Convocation 2014: ‘Spread optimism rather than cynicism’
At spring convocation on June 9, 10 and 11, Concordia’s president Alan Shepard joined honorands and graduates in offering his best wishes to the class of 2014.
“We prepare a diverse group of students for a global world that loves our graduates’ can-do attitude: your brilliance, your entrepreneurial energy, your creativity and your ambition to make the world a better place,” he said.
Cameron H. Tisshaw, one of the university’s eight valedictorians, told his fellow graduates that while their hard-earned education comes with new responsibilities, he’s confident they are ready to face the challenges ahead.
“We will grow. We will thrive. We will extend Concordia’s values of harmony, tolerance and intellectual rigour,” Tisshaw said. “We will become the Concordia diaspora that spreads around the entire globe.”
Valedictorian Katerina Fragos commended her fellow students for making the most of their time at Concordia.
“We must never stop taking on new projects, exposing ourselves to new environments and trying new things," she said. "We will never have achieved it all — there is always more to learn.”
Eight new honorands also provided sage advice culled from their distinguished careers. The ceremonies at Salle Wilfrid-Pelletier in Place des Arts were divided by faculty.
Stuart Mclean, host of CBC Radio’s The Vinyl Café, asked graduates of the Faculty of Arts and Science not to focus on all that’s wrong with society, but instead to remember what’s working and to contribute to it as much as they can.
“Your choice is how you will accept the responsibility of citizenship,” Mclean said. “Do it joyfully. Spread optimism rather than cynicism; act with the understanding that we are all in this together.”
While addressing graduates of the Faculty of Arts and Science, including the inaugural cohort from Concordia’s new First Peoples Studies program, political columnist Chantal Hébert highlighted the fact that the former students were in Montreal at a tumultuous time in Quebec’s political and social history.
Controversies like the debate surrounding the proposed Quebec Charter of Values underlined the importance of strong citizenship in a democratic society, she said.
“When politicians are forced to debate these issues, we are able to answer in kind and come to decisions and to vote, and that is what democracy is about. I hope it encourages you to ask more of your politicians, and what I think you should ask more of your politicians to do is to ask more of you.”
In his address to the Faculty of Arts and Science, neuroscientist Bryan Kolb recalled the winding road his own studies took before he found his career path.
There was no master plan, Kolb said. He simply chased interesting leads to see what he could discover.
"You'll have your own curiosities to follow. Your task is to identify them, to recognize those opportunities and keep asking questions. Because questions are the root of knowledge, the keys for your own success and the success of Canada.”
Louis R. Chênevert, chairman and CEO of United Technologies Corporation, reminded graduates of the Faculty of Engineering and Computer Science to step outside their comfort zone, to learn to connect with people and to remember those who contributed to their success.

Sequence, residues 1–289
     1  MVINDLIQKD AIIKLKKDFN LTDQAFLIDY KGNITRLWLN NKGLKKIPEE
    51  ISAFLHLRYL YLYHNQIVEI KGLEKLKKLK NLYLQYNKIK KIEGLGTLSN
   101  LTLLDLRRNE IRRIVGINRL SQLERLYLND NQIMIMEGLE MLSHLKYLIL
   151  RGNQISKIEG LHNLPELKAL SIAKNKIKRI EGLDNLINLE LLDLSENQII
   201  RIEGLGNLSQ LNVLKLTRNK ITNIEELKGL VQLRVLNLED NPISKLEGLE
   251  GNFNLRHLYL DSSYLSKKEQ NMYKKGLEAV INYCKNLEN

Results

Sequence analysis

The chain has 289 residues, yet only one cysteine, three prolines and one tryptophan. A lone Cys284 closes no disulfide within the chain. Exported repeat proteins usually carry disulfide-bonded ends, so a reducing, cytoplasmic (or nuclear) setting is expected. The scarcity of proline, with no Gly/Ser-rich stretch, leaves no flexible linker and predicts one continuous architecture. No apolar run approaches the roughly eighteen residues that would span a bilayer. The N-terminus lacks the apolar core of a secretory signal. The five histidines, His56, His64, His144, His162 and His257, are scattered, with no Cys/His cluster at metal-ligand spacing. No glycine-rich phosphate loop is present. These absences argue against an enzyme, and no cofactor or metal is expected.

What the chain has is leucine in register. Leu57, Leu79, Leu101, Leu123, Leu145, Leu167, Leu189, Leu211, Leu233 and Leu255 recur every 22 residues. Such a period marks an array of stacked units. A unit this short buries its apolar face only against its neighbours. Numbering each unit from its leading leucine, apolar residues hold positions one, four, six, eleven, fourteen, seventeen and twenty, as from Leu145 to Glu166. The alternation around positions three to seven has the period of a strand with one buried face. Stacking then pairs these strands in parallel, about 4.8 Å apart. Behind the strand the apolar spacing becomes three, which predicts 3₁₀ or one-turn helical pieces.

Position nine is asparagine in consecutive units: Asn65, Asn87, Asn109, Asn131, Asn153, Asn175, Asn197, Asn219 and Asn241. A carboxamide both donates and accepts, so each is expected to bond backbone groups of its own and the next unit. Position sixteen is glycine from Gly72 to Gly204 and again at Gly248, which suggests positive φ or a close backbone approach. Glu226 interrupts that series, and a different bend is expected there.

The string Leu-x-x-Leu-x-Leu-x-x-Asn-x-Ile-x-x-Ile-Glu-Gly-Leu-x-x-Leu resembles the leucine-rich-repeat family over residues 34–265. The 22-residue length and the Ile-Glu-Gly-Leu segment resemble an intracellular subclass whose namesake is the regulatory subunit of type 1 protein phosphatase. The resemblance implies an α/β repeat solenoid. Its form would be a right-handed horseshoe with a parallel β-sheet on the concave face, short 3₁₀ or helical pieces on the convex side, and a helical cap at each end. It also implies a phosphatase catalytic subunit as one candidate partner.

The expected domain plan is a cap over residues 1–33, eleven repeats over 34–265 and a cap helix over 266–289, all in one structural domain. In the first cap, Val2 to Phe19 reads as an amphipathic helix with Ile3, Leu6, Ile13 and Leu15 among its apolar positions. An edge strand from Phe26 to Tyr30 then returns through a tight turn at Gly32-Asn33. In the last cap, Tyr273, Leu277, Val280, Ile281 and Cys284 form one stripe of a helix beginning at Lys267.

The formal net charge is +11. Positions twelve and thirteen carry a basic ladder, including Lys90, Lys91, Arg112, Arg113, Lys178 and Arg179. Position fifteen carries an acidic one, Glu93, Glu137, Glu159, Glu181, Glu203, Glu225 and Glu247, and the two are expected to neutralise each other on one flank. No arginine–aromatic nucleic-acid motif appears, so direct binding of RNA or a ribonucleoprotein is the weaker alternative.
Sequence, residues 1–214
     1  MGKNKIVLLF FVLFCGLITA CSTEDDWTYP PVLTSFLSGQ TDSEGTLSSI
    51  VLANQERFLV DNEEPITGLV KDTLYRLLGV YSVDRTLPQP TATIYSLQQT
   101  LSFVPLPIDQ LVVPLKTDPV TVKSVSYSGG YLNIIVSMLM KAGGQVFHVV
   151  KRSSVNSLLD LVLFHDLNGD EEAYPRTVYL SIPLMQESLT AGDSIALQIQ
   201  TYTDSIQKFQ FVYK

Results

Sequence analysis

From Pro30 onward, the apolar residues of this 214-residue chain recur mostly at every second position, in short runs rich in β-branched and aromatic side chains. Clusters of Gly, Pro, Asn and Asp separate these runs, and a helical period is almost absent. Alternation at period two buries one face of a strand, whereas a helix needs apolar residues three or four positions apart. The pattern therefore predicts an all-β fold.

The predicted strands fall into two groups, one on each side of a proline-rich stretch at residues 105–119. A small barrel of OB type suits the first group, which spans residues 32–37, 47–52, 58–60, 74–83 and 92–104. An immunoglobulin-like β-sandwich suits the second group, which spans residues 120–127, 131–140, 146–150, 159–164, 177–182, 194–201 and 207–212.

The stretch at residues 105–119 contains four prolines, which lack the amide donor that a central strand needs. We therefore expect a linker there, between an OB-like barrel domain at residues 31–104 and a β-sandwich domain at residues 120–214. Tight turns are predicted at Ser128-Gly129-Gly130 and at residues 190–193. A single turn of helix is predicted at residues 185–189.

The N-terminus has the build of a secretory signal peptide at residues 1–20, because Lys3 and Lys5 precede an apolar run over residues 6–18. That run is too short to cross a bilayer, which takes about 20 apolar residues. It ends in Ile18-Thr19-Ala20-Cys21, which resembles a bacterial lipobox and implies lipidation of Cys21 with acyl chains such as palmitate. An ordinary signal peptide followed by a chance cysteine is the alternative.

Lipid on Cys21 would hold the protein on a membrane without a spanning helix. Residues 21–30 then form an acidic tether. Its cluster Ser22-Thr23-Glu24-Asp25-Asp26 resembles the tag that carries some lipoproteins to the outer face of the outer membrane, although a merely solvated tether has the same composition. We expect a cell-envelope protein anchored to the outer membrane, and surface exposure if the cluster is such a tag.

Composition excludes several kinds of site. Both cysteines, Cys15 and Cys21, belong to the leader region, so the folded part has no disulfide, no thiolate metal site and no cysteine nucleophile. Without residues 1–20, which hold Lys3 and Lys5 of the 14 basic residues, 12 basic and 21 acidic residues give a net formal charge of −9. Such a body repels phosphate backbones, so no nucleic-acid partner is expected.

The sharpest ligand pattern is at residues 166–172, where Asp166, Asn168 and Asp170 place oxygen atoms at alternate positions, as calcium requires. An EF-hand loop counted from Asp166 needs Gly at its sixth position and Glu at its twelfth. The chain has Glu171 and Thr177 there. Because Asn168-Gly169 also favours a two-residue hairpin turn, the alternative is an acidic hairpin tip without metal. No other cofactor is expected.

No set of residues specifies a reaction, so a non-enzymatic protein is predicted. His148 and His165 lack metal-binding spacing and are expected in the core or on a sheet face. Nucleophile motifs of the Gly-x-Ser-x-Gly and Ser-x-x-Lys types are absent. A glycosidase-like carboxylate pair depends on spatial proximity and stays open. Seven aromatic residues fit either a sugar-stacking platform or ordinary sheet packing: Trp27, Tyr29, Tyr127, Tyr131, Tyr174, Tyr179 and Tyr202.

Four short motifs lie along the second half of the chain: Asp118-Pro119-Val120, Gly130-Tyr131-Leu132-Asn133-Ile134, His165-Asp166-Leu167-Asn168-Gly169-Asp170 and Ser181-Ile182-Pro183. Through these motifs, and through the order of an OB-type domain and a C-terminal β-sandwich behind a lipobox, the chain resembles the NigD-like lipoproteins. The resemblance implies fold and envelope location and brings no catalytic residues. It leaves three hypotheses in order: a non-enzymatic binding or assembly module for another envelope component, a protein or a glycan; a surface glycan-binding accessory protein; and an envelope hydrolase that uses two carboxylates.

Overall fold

After remarking that he will soon embark on his 50th business trip to China, Chênevert also pointed out the value of international experience in today’s global economy.
“Those who are able to bridge cultural gaps and connect with people from other geographies will continue to be in great demand.”
Gregg Saretsky, president and CEO of WestJet, had a straightforward message for graduates of the John Molson School of Business: pursue your passion.
“I’m convinced that the thing that has kept me going and excelling is [that] I love what I do,” he said.
“You’ve got to find what you love … The only way you can be truly satisfied is to do what you believe is great work, and the only way to do great work is to love what you do.”
Chantal Pontbriand, a noted art critic and curator, encouraged graduates of the Faculty of Fine Arts to continue learning and to seek out innovative ways of doing things.
“You have chosen the path of knowledge to make a better world for yourselves and for others,” she said.
“It is now your responsibility to take this world further, to open its barriers, to fight inadequacies and iniquities, to find better ways to share the world we live in. It is your privilege as free human beings to make change happen. Make sure you do.”
While accepting an honorary doctorate from the John Molson School of Business alongside his wife Renata, philanthropist Michal Hornstein described the harrowing years he spent hiding from the Nazis during the Second World War.
“I don't know how many of you have shared similar experiences, but those who have known that hardship, if it doesn't kill you, it can make you stronger, more tenacious and more resilient,” he said.
After emigrating to Canada, Hornstein found success — and professional fulfillment — in real estate. “My advice to you would be the same. Build your business around your passion, regardless of the challenges you may face or how long it might take.”
Recently, the Hornsteins — who have long given generously to institutions including Concordia — announced that they will donate the entirety of their vast collection of art to the Montreal Museum of Fine Arts.
“It’s important to share your success with others,” Michal said. “Humanitarian, financial and cultural contributions have far-reaching benefits for generations.”
Watch the valedictorians’ speeches.